At Carriage House in Chicago, Chef Mark Steuer makes hot sauce in house to complement a variety of his Lowcountry dishes. Growing up in the South, Mark was surrounded by people who swore loyalty to Texas Pete, Tabasco, Krystal or other varieties of favorite hot sauces. As a budding chef, he experimented with Sriracha, salsa, and other varieties of heat for the palate. These inspirations led him to create his own unique hot sauce flavors.
I love hot sauce. I love it on chicken, eggs, seafood, fries, pretty much anything for that matter. Growing up in Charleston, South Carolina, it seemed that the traditional Tabasco was the hot sauce of choice. It wasn’t until I left Charleston for college that I really got “into” hot sauce. As a poor college kid, I ate whatever was cheap and drenched it with whatever hot sauce I could find to make it taste good. I still love Tabasco, and I use it all the time in my restaurant, but we have widened the arsenal. Texas Pete, Crystal, Sriracha and Frank’s are always in my fridge, both at home and at work. I use it to make vinaigrettes, to finish soups and sauces and I even use it in our Bloody Mary mix.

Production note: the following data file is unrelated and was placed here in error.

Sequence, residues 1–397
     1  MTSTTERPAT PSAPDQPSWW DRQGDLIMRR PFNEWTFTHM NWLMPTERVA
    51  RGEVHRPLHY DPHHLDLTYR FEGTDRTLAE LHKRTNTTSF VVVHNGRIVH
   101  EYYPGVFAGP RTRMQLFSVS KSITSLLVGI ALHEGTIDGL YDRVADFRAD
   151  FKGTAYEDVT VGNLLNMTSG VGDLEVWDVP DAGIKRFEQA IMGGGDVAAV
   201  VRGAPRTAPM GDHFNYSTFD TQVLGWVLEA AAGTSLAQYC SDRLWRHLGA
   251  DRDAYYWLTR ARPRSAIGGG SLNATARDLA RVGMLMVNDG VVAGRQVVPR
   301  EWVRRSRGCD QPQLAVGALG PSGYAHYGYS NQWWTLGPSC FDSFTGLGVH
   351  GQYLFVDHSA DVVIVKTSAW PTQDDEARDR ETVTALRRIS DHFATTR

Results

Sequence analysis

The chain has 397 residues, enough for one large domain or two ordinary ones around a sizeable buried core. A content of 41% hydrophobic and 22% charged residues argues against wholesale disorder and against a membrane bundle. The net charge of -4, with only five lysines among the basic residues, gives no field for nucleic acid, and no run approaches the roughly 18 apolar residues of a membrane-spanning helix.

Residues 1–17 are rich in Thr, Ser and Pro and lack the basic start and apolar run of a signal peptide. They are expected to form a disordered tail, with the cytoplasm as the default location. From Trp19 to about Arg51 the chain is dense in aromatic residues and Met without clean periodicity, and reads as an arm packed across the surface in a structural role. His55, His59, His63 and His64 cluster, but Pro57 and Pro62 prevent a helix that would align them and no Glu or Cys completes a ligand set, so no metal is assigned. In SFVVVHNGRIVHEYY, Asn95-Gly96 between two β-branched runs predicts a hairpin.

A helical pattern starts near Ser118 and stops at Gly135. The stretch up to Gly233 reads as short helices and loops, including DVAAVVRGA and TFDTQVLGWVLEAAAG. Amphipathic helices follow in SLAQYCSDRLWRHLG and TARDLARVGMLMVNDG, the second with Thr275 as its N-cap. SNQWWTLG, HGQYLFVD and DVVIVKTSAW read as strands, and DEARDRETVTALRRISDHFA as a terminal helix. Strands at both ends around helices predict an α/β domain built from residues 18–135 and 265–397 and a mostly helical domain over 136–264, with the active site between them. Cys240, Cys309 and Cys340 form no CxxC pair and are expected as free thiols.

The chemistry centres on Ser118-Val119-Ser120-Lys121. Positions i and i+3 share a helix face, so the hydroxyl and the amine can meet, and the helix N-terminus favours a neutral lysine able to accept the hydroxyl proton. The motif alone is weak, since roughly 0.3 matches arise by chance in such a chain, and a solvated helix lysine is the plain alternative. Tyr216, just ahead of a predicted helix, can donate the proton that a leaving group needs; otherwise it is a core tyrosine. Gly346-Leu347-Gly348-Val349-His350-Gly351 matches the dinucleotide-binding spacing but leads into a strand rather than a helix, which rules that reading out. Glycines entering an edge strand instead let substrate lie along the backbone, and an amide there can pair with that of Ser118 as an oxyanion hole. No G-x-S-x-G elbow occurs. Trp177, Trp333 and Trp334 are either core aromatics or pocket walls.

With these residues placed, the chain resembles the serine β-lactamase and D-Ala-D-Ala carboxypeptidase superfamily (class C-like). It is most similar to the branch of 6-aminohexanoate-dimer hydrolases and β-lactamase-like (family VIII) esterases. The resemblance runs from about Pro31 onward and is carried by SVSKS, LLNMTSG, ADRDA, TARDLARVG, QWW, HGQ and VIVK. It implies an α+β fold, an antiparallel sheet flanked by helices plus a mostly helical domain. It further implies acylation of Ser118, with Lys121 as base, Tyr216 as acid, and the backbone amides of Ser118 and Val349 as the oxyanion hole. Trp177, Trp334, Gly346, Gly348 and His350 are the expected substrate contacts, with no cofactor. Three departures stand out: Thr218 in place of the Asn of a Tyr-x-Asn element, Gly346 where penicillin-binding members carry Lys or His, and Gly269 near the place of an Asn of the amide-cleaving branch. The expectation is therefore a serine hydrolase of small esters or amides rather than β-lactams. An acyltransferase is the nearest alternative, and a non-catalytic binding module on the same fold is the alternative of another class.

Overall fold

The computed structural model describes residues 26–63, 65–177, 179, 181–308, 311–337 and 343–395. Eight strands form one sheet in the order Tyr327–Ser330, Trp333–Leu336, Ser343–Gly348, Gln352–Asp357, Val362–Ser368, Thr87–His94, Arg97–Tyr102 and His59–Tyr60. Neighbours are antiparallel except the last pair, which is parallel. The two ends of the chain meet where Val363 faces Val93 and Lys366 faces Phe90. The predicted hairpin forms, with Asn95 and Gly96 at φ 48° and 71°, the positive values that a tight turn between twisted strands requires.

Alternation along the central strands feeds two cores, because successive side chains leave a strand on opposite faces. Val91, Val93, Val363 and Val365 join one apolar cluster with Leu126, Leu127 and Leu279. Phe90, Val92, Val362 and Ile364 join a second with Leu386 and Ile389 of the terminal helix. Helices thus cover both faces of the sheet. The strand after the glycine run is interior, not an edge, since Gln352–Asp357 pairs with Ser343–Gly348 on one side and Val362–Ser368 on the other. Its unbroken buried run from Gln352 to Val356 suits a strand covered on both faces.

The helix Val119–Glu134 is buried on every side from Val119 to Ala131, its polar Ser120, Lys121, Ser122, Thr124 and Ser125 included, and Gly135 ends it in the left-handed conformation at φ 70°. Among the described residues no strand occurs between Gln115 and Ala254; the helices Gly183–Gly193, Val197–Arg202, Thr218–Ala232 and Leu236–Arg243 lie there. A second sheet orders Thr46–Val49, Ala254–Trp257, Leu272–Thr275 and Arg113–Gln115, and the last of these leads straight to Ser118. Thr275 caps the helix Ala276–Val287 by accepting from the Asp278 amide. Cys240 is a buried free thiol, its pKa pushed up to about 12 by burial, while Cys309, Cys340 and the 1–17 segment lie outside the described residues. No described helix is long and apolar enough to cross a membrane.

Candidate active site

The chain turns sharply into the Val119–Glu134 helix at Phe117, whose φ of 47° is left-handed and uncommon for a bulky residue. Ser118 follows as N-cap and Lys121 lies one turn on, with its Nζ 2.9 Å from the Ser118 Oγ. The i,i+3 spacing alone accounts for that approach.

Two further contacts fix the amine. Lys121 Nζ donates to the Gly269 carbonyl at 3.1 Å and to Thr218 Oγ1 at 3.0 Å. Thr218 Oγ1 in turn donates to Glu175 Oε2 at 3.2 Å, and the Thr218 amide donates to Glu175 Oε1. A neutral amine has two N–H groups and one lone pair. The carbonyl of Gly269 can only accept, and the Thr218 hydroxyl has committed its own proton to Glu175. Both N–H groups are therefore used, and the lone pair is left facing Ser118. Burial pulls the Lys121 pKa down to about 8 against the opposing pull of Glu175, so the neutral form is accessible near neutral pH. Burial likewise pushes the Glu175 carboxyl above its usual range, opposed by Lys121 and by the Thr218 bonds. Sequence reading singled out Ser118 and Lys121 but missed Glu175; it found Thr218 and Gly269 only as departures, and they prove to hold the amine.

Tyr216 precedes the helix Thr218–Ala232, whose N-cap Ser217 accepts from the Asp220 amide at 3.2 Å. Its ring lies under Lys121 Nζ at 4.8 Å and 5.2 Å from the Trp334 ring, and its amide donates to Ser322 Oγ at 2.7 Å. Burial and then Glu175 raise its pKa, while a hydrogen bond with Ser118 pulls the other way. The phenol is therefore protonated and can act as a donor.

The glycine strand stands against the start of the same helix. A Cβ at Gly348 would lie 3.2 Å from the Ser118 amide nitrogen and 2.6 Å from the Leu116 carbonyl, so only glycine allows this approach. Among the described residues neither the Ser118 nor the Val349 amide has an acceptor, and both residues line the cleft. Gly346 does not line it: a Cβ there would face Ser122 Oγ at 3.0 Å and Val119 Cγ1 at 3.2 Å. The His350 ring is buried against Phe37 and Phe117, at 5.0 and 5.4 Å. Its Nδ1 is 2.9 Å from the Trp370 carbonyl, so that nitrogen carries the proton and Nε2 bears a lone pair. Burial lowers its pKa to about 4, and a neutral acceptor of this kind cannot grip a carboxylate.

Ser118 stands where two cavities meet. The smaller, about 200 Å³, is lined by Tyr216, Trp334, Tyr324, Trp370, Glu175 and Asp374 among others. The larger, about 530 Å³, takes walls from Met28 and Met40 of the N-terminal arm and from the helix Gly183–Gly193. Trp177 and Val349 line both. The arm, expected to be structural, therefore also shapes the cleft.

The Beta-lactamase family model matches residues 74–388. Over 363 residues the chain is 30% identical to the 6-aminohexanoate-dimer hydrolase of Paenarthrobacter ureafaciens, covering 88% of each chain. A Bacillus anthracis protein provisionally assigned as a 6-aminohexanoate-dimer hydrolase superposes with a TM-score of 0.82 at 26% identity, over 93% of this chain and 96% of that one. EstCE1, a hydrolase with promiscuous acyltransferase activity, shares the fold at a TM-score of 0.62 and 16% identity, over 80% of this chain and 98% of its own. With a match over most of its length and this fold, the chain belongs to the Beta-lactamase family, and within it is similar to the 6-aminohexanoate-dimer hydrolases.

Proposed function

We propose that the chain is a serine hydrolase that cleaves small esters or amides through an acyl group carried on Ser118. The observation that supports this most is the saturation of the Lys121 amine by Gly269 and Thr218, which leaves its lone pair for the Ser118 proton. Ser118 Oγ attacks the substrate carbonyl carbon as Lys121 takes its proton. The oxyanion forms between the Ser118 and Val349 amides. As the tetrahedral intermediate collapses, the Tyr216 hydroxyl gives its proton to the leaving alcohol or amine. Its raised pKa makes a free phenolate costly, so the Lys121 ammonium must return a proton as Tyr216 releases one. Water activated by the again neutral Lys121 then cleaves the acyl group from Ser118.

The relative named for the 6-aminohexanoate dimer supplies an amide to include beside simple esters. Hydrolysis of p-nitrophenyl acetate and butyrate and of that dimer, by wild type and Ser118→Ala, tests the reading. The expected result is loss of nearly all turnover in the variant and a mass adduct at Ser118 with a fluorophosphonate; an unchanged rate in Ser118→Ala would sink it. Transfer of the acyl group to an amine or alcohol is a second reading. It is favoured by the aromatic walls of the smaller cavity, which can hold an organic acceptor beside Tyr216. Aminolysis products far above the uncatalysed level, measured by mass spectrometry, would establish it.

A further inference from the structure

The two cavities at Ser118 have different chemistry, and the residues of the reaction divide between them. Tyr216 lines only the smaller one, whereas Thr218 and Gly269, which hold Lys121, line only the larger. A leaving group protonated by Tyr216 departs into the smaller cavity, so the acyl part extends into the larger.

I first started playing around with making my own hot sauces while I was running the kitchen at Hot Chocolate. We were always trying to find new ways to use all the produce from the farmers market, and since we were pickling ramp bulbs, we had tons of the green tops lying around. I thought that the sweet oniony flavor of the ramp would be great in a hot sauce, and our ramp hot sauce was born. I think it’s a very Southern thing to want to stockpile and preserve beautiful seasonal produce. I’m kind of expanding on that tradition by incorporating it into hot sauce, which is one of the South’s favorite condiments. Now I go to the market specifically to find new flavorings for my hot sauces.
We make a sweet potato hot sauce that is served with our fried chicken, a peach hot sauce to go with a pork belly and octopus dish, and I still use the ramp hot sauce on a pork shoulder dish. I’ve found that if you use a simple base recipe of onion, garlic, vinegar, sugar, salt and chiles, you can add a sugary or starchy ingredient to balance out the heat.
Some of my favorite chilies to use are jalapeno for anything green, a mix of fresh Fresnos, along with dried tabasco chilies on our more red sauces. Since we serve Lowcountry fare at Carriage House, making our own hot sauce is an important way that we show the versatility of Southern food and ingredients.
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